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The first day of the 2013 glera (formerly known as prosecco) grape harvest at a vineyard in Pordenone, Italy.Alessia Pierdomenico/Bloomberg

The Grape Glossary: A guide to hip varietals

Most likely you've not heard of glera. But unless you've been living with an uncontacted tribe in Brazil for the past 20 years, you've certainly heard of the ultra-fashionable Italian sparkling wine Prosecco. Glera is the Prosecco grape.

"Wait a minute," keen oenophiles may be saying to themselves. "Isn't Prosecco made from the prosecco grape?" Well, yes and no. That's the variety's traditional name, but a consortium of Italian producers recently lobbied for an official change. To protect the term "Prosecco" from a potential onslaught of New World competitors seeking to capitalize on the bubbly's surge over the past decade, they declared that "Prosecco" be reserved for the geographically distinct (and thus legally protected) wine and that "glera" – historically a local synonym for the vine that yields the wine – be used as the grape name. Think of it as a sort of oenological equivalent of the Artist Formerly Known as Prince.

It turns out that the Italians may have jumped the gun. Not all grapes historically referred to as glera are the same. In some cases the locals had been referring to a spicy variety technically known as prosecco lungo, while in others they were speaking of prosecco tondo, a genetically distinct variety with a confusingly similar name and softer, more floral character. Got that? Precisely which "glera" now goes into your bottle of Prosecco can be hard, if not impossible, to tell. The wine might even represent a blend of both.

The confusing, and controversial, name switcheroo has done little to curb the world's thirst for the frothy wine that recently overtook Champagne in global sales – 307 million bottles in 2013 compared with 304 million for the bona-fide French luxury bubbly. Many producers of other fine sparkling wines around the globe, including Champagne, are at a loss to explain Prosecco's sudden surge in popularity. But price clearly has been a factor, particularly in the wake of the global recession. A typical Prosecco costs between $15 and $20, less than half the price of an entry-level Champagne and $5 to $10 cheaper than many other quality sparkling wines. Call it affordable elegance.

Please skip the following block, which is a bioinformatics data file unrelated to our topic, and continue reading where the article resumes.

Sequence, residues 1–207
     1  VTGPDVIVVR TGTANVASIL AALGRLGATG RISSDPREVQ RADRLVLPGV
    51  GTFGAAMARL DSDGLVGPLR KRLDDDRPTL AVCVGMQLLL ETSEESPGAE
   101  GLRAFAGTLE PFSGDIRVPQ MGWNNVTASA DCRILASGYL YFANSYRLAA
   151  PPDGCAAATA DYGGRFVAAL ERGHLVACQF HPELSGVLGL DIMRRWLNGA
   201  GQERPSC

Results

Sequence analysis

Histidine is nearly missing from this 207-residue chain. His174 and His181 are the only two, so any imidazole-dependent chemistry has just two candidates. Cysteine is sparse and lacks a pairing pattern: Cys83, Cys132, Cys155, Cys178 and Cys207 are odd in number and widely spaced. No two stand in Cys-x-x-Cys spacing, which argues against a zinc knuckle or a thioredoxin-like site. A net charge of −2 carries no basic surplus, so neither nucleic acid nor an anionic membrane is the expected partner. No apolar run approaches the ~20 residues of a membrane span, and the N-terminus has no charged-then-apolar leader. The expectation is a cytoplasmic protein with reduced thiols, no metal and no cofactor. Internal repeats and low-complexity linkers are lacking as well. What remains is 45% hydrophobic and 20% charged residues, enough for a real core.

I suspect the rise of such Italian-food-oriented celebrity cooks as Jamie Oliver and Nigella Lawson have played a role, too. How better to begin an evening of risotto or ragu than with a flute of Prosecco? And it's an easy and fun word to pronounce, not unlike pinot grigio, the other Italian wine that has taken the world by storm in recent years. I call it the Pinocchio factor – starts with P and ends in O; you get to sound like David Rocco even if you're not.

The key reason for Prosecco's low cost is the production technique. Rather than receiving a second, bubble-generating fermentation in individual bottles, as occurs with Champagne and other top "traditional method" sparkling wines, it's almost always refermented in large tanks, industrial-style, then bottled under pressure to preserve effervescence. The wine may not be as complex as Champagne-style bubblies, but at least the grape politics behind the label is far from simple.

The Flavour Principle by Lucy Waverman and Beppi Crosariol recently took home top prize for best general English cookbook at the Taste Canada Food Writing Awards. Published by HarperCollins.

E-mail your wine and spirits questions to Beppi Crosariol. Look for answers to select questions to appear in the Wine & Spirits newsletter and on The Globe and Mail website.

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